Long duration before closure will unsettle employees and customers

According to the plans of E.ON and RWE, the potential transaction will not be closed until the end of 2019. That long period of time represents a considerable risk. E.ON thereby condones a situation where innogy’s employees will face uncertainty and qualified employees may leave the company in the time period until completion of the transaction.

Although innogy has competitive advantages over E.ON in many areas, E.ON has so far not given any commitment that these advantages will be taken into account in the integration process. By not taking them into account, economic inefficiencies, disadvantages for customers and negative consequences for shareholders would be accepted.

E.ON has also not been willing so far to commit to retaining innogy as a retail and partner brand, despite the fact that independent institutes attest that the brand has a more sustainable, more innovative and more customer-oriented image and a higher brand value than E.ON’s.

You can read the full reasoned statement of innogy’s Executive Board and Supervisory Board and find more information on the voluntary public takeover offer on the company’s website at: www.innogy.com/reasoned-statement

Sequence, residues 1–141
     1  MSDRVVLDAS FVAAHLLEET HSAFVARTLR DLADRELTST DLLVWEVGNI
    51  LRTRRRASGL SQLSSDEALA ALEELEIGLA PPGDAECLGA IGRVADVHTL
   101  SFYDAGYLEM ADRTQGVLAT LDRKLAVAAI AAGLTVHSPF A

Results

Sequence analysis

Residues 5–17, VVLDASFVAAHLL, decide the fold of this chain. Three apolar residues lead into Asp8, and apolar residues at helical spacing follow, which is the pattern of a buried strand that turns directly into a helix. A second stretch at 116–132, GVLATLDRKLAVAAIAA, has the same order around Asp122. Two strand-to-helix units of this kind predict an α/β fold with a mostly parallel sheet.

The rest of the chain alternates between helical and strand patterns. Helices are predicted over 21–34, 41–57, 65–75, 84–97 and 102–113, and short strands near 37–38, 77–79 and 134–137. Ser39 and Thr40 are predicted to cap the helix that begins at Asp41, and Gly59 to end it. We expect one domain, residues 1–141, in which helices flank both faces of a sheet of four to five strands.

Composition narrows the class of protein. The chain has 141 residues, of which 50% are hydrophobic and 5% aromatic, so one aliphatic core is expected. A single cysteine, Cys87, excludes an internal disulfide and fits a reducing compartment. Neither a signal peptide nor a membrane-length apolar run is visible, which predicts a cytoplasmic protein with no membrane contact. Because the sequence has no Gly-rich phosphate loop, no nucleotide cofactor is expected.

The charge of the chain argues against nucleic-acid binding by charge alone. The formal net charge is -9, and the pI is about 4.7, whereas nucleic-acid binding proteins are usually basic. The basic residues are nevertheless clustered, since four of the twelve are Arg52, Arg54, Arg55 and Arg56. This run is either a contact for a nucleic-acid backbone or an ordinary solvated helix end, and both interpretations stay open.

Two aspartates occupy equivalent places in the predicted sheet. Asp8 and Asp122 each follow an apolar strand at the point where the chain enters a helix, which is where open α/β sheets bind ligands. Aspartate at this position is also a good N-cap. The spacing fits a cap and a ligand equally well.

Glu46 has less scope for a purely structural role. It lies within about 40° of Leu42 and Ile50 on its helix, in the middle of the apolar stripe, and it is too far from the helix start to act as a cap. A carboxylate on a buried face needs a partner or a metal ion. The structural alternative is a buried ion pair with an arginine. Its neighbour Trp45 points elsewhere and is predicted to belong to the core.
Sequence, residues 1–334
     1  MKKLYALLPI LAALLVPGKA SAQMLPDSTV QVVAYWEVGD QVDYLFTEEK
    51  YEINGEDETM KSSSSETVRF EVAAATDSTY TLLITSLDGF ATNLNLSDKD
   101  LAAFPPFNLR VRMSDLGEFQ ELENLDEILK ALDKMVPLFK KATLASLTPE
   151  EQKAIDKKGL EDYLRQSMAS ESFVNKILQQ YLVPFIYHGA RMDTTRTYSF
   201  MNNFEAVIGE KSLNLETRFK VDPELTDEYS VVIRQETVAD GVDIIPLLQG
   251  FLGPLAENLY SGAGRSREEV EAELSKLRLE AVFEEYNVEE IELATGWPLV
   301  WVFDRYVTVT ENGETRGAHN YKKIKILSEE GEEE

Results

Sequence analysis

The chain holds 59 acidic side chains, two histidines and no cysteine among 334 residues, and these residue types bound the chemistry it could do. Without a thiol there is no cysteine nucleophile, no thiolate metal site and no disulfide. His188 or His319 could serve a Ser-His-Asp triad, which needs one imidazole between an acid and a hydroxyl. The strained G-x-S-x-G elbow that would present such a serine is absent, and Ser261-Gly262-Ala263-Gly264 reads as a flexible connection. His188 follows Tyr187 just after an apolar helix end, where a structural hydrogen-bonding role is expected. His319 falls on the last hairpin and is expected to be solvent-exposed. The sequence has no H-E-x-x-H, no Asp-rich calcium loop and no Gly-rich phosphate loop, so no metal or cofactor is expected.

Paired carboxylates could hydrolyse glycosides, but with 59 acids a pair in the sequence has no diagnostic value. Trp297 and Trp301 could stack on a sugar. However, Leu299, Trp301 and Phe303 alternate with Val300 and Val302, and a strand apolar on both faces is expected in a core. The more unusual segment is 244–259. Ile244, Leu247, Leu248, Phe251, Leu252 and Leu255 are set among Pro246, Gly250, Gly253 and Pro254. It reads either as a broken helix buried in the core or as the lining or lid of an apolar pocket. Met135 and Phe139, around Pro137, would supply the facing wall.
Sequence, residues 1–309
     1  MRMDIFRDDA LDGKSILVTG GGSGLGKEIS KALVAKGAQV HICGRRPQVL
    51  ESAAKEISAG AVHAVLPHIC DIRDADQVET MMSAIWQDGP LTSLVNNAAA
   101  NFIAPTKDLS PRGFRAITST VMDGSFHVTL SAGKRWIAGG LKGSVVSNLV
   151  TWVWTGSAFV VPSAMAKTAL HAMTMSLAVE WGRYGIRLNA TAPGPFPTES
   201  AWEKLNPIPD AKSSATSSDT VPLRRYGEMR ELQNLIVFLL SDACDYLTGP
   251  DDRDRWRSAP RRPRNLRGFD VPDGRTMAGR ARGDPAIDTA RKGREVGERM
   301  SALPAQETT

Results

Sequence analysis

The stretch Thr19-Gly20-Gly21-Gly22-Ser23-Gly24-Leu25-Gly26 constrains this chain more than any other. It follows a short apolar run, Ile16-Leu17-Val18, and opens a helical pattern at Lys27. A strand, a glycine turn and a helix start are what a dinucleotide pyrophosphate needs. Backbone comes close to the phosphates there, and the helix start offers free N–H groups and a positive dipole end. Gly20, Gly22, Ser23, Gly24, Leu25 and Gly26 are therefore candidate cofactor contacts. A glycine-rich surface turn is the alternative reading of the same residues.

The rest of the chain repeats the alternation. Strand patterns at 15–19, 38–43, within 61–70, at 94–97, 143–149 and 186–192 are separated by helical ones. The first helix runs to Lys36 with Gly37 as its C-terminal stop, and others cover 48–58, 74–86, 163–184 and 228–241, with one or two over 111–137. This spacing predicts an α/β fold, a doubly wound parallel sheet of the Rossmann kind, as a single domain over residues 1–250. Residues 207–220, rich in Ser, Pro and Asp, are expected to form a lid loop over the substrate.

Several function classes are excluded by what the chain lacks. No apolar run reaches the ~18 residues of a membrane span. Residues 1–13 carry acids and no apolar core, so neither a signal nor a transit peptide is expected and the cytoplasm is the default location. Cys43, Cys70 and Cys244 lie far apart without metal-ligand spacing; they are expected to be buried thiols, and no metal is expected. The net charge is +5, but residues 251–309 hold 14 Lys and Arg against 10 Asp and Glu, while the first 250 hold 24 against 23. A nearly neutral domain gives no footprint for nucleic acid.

It is explicitly pointed out that solely the reasoned statement of the Executive Board and the Supervisory Board is authoritative. The information in this press release does not represent any explanations on or additions to the content of the statement.

 

Legal disclaimer
This document contains forward-looking statements. These statements are based on the current views, expectations, assumptions and information of the management, and are based on information currently available to the management. Forward-looking statements shall not be construed as a promise for the materialization of future results and developments and involve known and unknown risks and uncertainties. Actual results, performance or events may differ materially from those described in such statements due to, among other things, changes in the general economic and competitive environment, risks associated with capital markets, currency exchange rate fluctuations, changes in international and national laws and regulations, in particular with respect to tax laws and regulations, affecting the Company, and other factors. Neither the Company nor any of its affiliates assumes any obligations to update any forward-looking statements.